Chinese health officials have officially ruled out Severe Acute Respiratory Syndrome (SARS), bird flu, and Middle East Respiratory Syndrome (MERS) as dozens of people in central China are infected by mysterious viral pneumonia.
A total of 59 people have been affected by the virus in Wuhan, Hebei province, China, according to the Wuhan Municipal Health Commission on Sunday night via The Straits Times. Seven patients are reportedly in critical condition.
Around 163 people who came in contact with the infected are placed under medical observation as the health commission continues its efforts to identify the virus and its origin, the BBC reported.
Based on the preliminary information released by the Chinese investigation team, the World Health Organization (WHO) said there is “no evidence of significant human-to-human transmission and no healthcare worker infections have been reported.”
However, it continued that the cases are linked to wholesale markets and could indicate an “exposure link to animals.”
“There are many potential causes of viral pneumonia, many of which are more common than severe acute respiratory syndrome coronovirus,” a spokesman from WHO said. “WHO is closely monitoring this event and will share more details as we have them.”
According to the report, some of the people infected are sellers from a local seafood wholesale market in Wuhan who fell ill between Dec. 12 and 29. The market is also known to sell other live animals, including birds and snakes. They also sell organs of rabbits and other wildlife. Authorities sanitized the market after reports surfaced.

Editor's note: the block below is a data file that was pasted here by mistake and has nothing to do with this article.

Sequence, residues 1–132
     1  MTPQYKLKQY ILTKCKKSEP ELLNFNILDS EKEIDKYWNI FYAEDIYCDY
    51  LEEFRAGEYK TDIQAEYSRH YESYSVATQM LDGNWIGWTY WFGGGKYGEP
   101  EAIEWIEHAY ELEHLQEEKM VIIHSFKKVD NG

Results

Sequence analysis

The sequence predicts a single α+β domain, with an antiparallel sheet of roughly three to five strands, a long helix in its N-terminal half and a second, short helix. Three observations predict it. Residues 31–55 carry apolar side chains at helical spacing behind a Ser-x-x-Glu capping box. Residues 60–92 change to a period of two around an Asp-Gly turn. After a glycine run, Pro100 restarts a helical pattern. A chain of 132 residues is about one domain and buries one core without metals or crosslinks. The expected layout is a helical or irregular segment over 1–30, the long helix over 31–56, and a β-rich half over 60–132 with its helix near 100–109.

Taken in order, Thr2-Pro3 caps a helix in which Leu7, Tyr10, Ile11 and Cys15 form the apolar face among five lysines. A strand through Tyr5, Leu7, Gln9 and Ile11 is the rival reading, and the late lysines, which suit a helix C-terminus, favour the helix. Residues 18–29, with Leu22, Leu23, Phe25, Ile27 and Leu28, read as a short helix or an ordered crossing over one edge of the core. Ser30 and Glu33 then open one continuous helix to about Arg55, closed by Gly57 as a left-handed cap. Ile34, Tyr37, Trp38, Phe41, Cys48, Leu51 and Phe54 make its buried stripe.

Authorities in Hong Kong, Macau, and Taiwan have taken precautionary measures by implementing a stricter health control at the borders and temperature screenings on all flights from Wuhan, Nikkei reported.
Other countries, including Singapore, South Korea, Malaysia and the Philippines also followed the strict health control and screening.
“No serious pneumonia cases linked to the Wuhan outbreak had been reported in Hong Kong so far,” Hong Kong’s Secretary for Food and Health, Sophia Chan, said on Thursday.
Chinese social media users first blamed SARS, which also originated in China, for the outbreak. This prompted officials to arrest eight people after spreading false news about the mysterious illness.
Feature Image via Getty
Subscribe to NextShark's Newsletter
A daily dose of Asian America's essential stories, in under 5 minutes.
Get our collection of Asian America's most essential stories to your inbox daily for free.
Many people might not know this, but NextShark is a small media startup that runs on no outside funding or loans, and with no paywalls or subscription fees, we rely on help from our community and readers like you.
Everything you see today is built by Asians, for Asians to help amplify our voices globally and support each other. However, we still face many difficulties in our industry because of our commitment to accessible and informational Asian news coverage.
We hope you consider making a contribution to NextShark so we can continue to provide you quality journalism that informs, educates, and inspires the Asian community. Even a $1 contribution goes a long way. Thank you for supporting NextShark and our community.